Presentation on theme: "The Economic Benefits of a Green Chemical Industry: Renewing Manufacturing Jobs While Protecting Health and the Environment James Heintz and Robert Pollin,"— Presentation transcript:
The Economic Benefits of a Green Chemical Industry: Renewing Manufacturing Jobs While Protecting Health and the Environment James Heintz and Robert Pollin, PERI Commissioned by the Blue-Green Alliance May 20, 2011
(2) Outline of Presentation The U.S. Chemical Industry and Employment Opportunities and Challenges Facing the Industry Rethinking the Relationship between Regulatory Reform and Competitiveness Innovation and Reform Creating Jobs Through Green Chemistry
(3) The U.S. Chemical Industry Today The chemical industry is an important part of U.S. manufacturing, contributing $273 billion to GDP ($390 billion if we include the plastics sector). But employment in the chemical industry has been declining sharply over the past few decades, despite the fact that the value of production has been growing 4% per year. Between 1992 and 2010, employment has Declined 38% in non-pharmaceutical chemicals (a loss of over 300,000 jobs) Declined 22% in plastics. But has grown by 24% in pharmaceuticals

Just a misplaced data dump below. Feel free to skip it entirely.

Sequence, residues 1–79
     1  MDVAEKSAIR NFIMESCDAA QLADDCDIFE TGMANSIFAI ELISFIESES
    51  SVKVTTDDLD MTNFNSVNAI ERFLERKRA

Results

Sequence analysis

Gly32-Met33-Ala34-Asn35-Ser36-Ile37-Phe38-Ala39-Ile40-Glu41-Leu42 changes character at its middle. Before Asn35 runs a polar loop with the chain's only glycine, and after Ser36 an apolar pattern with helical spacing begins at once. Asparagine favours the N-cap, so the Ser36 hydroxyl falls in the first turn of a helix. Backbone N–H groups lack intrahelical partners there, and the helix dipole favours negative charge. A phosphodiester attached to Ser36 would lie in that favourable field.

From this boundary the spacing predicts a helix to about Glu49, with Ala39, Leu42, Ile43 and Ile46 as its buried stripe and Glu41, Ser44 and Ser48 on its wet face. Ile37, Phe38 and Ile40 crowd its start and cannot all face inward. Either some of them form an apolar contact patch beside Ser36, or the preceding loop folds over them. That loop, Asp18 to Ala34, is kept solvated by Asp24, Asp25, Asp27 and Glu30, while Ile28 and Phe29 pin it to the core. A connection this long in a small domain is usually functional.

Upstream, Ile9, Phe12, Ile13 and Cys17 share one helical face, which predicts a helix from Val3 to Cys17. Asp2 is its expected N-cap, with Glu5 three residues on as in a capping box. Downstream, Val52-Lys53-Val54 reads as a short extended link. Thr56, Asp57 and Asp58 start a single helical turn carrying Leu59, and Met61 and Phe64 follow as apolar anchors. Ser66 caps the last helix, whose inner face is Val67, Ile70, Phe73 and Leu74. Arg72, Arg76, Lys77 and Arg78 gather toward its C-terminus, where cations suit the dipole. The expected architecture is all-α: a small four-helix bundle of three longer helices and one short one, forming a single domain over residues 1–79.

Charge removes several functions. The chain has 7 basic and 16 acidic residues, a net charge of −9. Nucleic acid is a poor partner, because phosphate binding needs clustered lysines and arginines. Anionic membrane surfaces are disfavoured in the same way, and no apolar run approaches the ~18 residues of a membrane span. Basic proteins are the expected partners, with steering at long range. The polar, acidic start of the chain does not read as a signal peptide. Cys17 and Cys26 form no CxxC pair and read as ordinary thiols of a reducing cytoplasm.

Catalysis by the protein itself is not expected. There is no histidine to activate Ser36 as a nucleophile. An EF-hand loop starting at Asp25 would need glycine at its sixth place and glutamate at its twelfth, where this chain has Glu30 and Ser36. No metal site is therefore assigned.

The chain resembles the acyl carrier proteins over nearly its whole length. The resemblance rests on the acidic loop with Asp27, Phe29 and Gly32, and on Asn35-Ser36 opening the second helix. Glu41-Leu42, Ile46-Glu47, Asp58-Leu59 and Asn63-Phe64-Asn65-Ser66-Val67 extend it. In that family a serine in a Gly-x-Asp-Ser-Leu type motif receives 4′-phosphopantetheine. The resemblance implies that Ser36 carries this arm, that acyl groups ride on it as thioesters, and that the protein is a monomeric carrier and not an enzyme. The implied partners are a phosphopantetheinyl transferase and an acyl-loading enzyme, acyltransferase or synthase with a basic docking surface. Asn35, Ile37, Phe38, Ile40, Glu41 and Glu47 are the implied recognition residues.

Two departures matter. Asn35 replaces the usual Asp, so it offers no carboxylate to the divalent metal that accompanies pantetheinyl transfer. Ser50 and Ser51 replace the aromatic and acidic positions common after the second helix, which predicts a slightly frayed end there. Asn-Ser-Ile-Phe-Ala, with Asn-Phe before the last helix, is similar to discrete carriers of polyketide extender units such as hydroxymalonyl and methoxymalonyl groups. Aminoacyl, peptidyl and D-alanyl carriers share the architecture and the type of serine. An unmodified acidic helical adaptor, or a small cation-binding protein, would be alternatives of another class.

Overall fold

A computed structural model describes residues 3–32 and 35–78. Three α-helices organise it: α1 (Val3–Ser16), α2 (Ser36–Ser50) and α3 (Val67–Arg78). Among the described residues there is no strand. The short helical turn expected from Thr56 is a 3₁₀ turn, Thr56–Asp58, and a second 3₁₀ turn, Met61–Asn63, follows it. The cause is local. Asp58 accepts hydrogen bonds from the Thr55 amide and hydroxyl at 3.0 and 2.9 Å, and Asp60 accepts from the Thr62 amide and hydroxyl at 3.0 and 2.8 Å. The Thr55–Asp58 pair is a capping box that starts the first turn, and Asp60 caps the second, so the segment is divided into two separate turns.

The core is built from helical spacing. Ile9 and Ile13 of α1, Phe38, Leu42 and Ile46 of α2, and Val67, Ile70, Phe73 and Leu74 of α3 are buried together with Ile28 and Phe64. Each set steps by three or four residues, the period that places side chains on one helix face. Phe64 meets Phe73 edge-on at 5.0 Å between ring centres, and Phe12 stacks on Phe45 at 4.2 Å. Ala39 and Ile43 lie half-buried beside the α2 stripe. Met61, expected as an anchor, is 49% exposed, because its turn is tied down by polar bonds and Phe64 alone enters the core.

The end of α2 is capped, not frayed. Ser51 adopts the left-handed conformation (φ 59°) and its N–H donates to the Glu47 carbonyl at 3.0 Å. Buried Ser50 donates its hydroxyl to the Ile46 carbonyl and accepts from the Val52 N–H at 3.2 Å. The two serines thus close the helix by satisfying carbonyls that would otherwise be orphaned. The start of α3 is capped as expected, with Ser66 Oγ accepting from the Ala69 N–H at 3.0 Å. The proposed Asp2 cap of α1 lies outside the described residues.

(4) Trends in Employment in the U.S. Chemical, Petroleum, and Plastics Products Industries, 1992-2010
(5) Non-Pharmaceutical Chemical Employment, Actual and Projected Jobs (1992, 2010, and 2030)
(6) Markets for U.S. Chemical Products Fewer jobs are being generated for a given amount of chemical production. Therefore, maintaining access to markets is a critical component to creating jobs in the chemical industry. U.S. remains the world’s largest chemical producer, but its share of the global market has been declining. Imports into the U.S. have increased and off- shoring of production has grown.